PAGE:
On the protest’s third day, when officers attempted to dislodge some demonstrators, more extreme protesters sidelined the occupation’s organizers and pushed back against the police. After a daylong struggle in which children were placed on the protest’s front line, the police were repelled.
Since then, officers have carefully monitored the protest. Andrew Coster was appointed as the police commissioner in 2020. Coster stressed the importance to maintain public support for the force and expressed concern about the possibility of more confrontational tactics leading to bloody clashes.
Mr. Coster spoke of the 1981 Springbok Tour, where thousands of New Zealanders protested against South Africa’s traveling rugby team. The police violently broke up those protests, including by using batons against protesters on Molesworth Street — a street that anti-mandate protesters now occupy. The episode harmed the police’s reputation for decades.
On Sunday, Mr. Coster spoke out to TVNZ about his reluctance at repeating that experience. “If we look to the low points of policing in our country, we would look to points like the Springbok tour,” he said.
But the police’s reluctance to take stronger action seems to have emboldened the protesters.
Many hundreds more people joined and droves joined. The occupation engulfed Wellington and closed down many businesses. Staff were threatened by demonstrators and forced to show proof of vaccination and required masks. Some protesters made holes in the ground to anchor their tents in anticipation of a long stay. In other cities, new protests arose.
Some protesters are happy to be part of what they consider a global movement. Reuben Michael, a demonstrator who was sitting at the occupation’s eastern edge on Wednesday, noted that “this phenomenon has gone around the world.”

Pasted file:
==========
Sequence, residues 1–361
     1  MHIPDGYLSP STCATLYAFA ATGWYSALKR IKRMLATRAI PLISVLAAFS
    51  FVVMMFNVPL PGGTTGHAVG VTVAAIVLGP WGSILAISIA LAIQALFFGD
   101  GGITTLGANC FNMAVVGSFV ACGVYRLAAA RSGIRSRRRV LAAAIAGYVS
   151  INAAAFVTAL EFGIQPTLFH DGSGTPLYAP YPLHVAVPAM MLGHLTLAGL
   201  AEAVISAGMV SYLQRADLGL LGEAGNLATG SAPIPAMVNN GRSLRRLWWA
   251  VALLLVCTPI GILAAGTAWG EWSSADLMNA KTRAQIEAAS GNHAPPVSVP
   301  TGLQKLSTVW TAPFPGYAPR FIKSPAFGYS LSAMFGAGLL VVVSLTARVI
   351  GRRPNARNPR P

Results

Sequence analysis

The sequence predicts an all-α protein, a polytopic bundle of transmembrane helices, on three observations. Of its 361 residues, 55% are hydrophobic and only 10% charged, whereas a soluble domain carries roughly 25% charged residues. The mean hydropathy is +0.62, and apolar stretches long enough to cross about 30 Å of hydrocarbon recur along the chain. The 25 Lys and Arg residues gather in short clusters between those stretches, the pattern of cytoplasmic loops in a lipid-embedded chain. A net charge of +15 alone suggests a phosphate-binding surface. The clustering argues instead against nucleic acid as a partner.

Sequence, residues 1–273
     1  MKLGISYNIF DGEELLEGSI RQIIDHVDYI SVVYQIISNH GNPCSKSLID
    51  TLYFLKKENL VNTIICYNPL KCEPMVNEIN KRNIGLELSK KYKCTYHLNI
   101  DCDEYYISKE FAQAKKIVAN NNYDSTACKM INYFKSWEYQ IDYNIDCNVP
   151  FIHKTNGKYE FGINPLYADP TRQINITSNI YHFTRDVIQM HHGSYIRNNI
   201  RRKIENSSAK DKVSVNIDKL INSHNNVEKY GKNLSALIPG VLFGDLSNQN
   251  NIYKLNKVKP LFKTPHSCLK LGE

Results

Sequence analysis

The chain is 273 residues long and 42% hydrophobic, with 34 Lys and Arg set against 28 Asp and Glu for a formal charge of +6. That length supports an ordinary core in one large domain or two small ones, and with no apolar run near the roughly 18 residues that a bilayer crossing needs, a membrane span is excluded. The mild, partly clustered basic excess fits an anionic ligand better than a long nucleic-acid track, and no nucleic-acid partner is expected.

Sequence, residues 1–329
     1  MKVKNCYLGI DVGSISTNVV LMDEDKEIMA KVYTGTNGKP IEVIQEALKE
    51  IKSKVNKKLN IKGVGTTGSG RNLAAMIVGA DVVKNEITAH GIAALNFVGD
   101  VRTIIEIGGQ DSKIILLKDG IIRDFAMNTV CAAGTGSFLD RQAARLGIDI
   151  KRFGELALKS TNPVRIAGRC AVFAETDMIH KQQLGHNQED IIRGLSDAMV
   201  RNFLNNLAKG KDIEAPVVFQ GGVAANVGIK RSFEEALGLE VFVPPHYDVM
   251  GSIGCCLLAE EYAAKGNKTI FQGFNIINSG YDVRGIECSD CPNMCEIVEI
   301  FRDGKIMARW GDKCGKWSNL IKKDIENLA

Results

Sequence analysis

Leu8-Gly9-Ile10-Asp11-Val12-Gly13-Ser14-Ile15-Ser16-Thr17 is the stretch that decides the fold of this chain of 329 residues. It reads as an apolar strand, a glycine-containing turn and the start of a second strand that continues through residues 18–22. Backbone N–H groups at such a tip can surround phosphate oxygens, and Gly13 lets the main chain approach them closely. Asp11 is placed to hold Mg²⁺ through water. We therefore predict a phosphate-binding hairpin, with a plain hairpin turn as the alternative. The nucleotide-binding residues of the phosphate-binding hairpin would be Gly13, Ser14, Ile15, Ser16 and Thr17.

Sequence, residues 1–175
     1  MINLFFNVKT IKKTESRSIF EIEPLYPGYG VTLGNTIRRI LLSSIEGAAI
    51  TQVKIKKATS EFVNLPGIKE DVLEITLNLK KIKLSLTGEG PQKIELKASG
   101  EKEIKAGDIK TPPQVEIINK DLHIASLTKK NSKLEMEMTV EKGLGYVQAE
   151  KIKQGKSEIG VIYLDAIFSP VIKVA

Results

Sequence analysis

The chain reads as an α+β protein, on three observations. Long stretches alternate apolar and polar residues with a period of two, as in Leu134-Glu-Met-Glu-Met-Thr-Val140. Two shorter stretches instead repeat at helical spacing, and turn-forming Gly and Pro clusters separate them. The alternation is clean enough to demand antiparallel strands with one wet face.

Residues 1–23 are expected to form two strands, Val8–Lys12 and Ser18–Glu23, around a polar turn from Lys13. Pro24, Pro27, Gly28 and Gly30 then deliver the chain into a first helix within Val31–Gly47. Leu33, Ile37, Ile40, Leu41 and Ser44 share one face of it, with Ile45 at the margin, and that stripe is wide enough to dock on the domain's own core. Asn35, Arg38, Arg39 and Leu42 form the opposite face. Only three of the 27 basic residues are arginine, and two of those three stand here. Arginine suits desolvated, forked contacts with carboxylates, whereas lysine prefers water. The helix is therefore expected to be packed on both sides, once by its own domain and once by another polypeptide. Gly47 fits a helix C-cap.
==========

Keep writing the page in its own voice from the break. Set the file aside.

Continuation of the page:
New Zealand protesters have succeeded in forcing a conversation about vaccine mandats. In what many saw as an attempt to encourage protesters to leave Ms. Ardern stated Monday that vaccine mandates would likely end after the Omicron outbreak peak in the next months.
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But the protesters have largely dismissed the prime minister’s comments. One young woman sitting on the steps of a parliamentary war memorial angrily insisted, “She’s told too many lies. It’s too hard to trust her.”
Although the police have not taken a decisive action against the demonstrators yet, officers have taken more active steps in order to contain the occupation.
Police carried large concrete blocks in forklifts as they escorted police officers to the protest site. The police have been trying to force protesters to leave by shrinking the border during early morning operations.
The number of protesters appears diminished. They have left behind a group of protesters that is not interested in de-escalation, raising concerns about the likelihood of violence.
When five male protesters sitting on the lawn of an occupied law school were asked what would happen if the police tried to evict them, one answered, “We’ll hold our line.” A second noted, “There might be bloodshed,” prompting a third to insist, “But it’ll be peaceful.”
The second protester paused, then emphasized, “We’ll stay to the end.”
Source: NY Times